What Is a Workflow?
Workflows are the way people get their job done, and can be illustrated as a multi-step process that needs to be completed in the given sequence. Think of it as work flowing from one level to another through a colleague, tool, or a process.
A workflow can be executed by a single person or a group of hundreds or thousands of team members - it is entirely dependent on the nature of the workflow. Here's an example of a workflow diagram:
Why Do We Need an Editorial Workflow?
In this era of digitization, following conventional methods for tracking work processes takes away not just hours but dollars as well from you. Let's look at the process of publishing a blog post:
- The SEO Executive researches keywords and shares his report with the Content Head
- The Content Head goes through the entire list of keywords and finalizes the topic for the blog post
- The Content Head then communicates with the Content Writer about the topic, keywords to be included, and technical guidelines for the blog post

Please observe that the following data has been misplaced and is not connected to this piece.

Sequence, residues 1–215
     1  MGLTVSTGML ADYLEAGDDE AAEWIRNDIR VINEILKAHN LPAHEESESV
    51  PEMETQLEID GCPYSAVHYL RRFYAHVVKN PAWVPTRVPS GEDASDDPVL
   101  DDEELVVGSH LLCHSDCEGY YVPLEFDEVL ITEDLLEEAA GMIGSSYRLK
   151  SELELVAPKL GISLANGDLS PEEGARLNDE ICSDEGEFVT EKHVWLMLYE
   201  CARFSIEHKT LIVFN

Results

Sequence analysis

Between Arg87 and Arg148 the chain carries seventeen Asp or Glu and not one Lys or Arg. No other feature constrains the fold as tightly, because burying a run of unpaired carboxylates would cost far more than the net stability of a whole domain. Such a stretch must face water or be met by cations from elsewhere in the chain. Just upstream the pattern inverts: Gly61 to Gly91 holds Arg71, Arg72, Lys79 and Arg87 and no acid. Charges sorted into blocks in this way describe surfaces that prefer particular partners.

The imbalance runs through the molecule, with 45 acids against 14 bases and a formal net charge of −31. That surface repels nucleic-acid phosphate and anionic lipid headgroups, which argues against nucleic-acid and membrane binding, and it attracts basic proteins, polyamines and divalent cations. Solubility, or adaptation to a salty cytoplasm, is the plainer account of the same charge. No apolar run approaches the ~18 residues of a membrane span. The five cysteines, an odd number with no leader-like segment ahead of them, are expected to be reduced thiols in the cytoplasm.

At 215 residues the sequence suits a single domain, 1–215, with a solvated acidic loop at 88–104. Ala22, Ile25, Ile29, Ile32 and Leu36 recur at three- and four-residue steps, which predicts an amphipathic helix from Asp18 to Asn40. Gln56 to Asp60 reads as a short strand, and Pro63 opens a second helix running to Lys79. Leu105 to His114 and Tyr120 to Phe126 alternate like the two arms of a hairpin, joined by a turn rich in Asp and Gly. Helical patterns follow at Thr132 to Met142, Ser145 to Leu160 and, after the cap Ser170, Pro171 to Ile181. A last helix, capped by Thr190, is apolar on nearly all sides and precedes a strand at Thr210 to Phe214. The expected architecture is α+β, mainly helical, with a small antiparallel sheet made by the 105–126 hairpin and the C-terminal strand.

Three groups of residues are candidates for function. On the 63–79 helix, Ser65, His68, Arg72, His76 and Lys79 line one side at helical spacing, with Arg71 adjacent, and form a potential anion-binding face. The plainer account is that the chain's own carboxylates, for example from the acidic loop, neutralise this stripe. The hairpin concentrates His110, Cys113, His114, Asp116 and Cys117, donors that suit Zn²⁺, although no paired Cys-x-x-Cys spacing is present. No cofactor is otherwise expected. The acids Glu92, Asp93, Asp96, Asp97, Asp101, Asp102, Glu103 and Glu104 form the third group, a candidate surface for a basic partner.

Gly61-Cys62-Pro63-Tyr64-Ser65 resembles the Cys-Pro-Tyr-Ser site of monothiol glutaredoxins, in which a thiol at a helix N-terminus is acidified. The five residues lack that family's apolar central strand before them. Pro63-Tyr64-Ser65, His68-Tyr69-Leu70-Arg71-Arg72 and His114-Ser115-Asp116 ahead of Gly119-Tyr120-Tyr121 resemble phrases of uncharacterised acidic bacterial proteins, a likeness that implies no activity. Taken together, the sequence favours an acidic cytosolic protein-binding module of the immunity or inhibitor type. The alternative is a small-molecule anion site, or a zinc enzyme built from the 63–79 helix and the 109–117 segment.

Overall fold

- The Content Writer starts composing the blog post
- The first draft of the post is shared with the Editor, Content Head, and Account Executive and their respective comments changes and revisions about the blog post are added
- The Content Writer starts writing the second draft of the blog post
- Once the second draft is ready, it again shared with Editor, Content Head, and Account Executive for approval
- It gets approval or the process is repeated from step 5
- After the approval, the Content Head communicates to the Graphic Designer about his requirements for images, GIFs, infographics, or any other form of graphics/images for the blog post
- The Graphic Designer, after getting approval from the Art Director, Account Executive and Content Head, shares the final designs with the Content Writer
- The Content Writer adds the graphics to the blog post and forwards it to the Account Executive for the client's approval
- The Account Executive gets the client approval and shares the final draft with the Development Team
- The Development Team publishes the post on the client's website and conducts link checks
- The Account Executive then shares the published blog post with the Social Media Team for outreach